Edge Where You Want with Scarpa’s Vapor Lace, Field Tested
Scarpa’s stiffest, most supportive shoe, the Vapor Lace, is an edging machine.
Scarpa’s stiffest, most supportive shoe, the Vapor Lace, is an edging machine. Its tensioned heel disperses pressure away from the Achilles; dual-density rubber toe patch provides precision, grip, and malleability in equal amounts; and a welded TPU construction ensures a consistent shape over the life of the shoe. It’s slightly downturned and asymmetrical with a full-length sole, finished with 3.5 mm of Vibram’s stiff XS Edge rubber.
Supportive on small foot holds // Stiffness reduces foot fatigue on long multi-pitches // Toe patch is protective for crack climbing and super sticky for toe hooks and heel-toe cams // “PAF” heel system takes the pressure off of the Achilles while micro edging // Feels light and airy, especially with the newly breathable tongue
High-volume toe profile doesn’t slip into thin cracks well // Its stiffness makes it difficult to toe in and “grab” marginal footholds on steep terrain // Oddly long laces
If your vertical (or slightly off-vertical) project has micro edges, divots, foot jams, toe hooks—or any other element of vert-climbing trickery—the updated Vapor Lace is a worthy tool for the job. The shoe is as stiff as Scarpa makes them, but just a hair less than what we’ve found with other edging shoes currently available. A soft M50 rubber toe patch provides protection and a technical leg up for granite-weirdness, and the “PAF” heel takes the heel-biting edge off of rope-stretching pitches—or on day-stretching multi-pitches.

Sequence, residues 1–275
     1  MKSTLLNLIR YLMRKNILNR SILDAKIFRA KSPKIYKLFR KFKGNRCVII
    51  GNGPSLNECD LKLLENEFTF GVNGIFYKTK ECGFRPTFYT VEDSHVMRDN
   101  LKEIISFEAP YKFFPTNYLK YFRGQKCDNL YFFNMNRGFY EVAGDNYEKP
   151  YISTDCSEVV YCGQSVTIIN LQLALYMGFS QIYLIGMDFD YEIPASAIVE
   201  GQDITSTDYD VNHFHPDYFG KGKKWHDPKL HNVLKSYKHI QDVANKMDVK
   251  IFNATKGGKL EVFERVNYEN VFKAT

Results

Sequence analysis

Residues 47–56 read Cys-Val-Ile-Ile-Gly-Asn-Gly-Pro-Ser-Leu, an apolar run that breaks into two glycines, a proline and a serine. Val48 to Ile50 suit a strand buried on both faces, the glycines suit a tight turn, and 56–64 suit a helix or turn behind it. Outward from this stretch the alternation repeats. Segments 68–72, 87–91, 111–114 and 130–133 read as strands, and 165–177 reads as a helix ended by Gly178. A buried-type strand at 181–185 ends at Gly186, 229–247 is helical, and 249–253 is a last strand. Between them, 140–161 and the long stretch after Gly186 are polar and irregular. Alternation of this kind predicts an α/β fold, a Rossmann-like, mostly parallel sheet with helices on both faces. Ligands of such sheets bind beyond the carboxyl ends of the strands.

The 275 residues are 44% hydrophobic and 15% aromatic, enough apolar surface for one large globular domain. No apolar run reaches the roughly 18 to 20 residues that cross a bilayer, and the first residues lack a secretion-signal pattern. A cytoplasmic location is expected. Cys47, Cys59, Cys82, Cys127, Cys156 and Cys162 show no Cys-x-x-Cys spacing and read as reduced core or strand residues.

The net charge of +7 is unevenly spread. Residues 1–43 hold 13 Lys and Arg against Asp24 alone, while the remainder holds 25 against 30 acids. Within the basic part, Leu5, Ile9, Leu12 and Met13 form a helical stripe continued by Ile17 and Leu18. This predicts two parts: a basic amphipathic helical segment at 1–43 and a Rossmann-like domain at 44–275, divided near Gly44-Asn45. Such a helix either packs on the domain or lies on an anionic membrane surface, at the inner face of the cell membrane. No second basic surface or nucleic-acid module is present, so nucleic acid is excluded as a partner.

230g; 8.1oz (1/2 pair size 40)
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As you can tell from the stats above, there’s a lot of tech going on in Scarpa’s updated Vapor Lace. The updates, while relatively minor, are important tweaks to an already-great shoe; a shoe which we gave rave reviews to two years ago, and that remain as relevant as ever today. But I have to be honest: shoe-tester that I am, I am a climber first, and if I bring a rock shoe up a hard-for-me route, it’s not to “test”—it’s to give me any possible advantage to succeed. And that’s why, while climbing on Washington Pass’s Thin Red Line this summer, I almost didn’t bring the Vapor Lace.
First, about my testing: I used these shoes for two steady months of mainly granite crack and face climbing, with a couple days of techy limestone, quartzite, and gneiss thrown in to round things out. Throughout this time I also tested the new Katana Lace, a fantastic edging shoe itself, and I often climbed the same pitch twice wearing both pairs. The Katana Lace is stiff, downturned, and, most importantly, has a very pointed and low-profile toe. In Squamish, where I primarily climbed, many of the crags and multi-pitches are vertical or less, which means there are a lot of fun, “hard” routes that have thin, tips-crack cruxes. This is where I began to pick sides in my shoe testing, as, compared to the Katana Lace, the Vapor Lace has a noticeably taller toe profile, which I struggled to slip into 0.2–0.4-sized cracks.
But Squamish has more to offer than just finger cracks, of course, so I kept at the Vapor Lace and brought them up steep corners, roof cracks, offwidths, techy faces, and, crucially, pitches with side-to-side crack switches. Here, they began to shine.
D2 rubber toe patch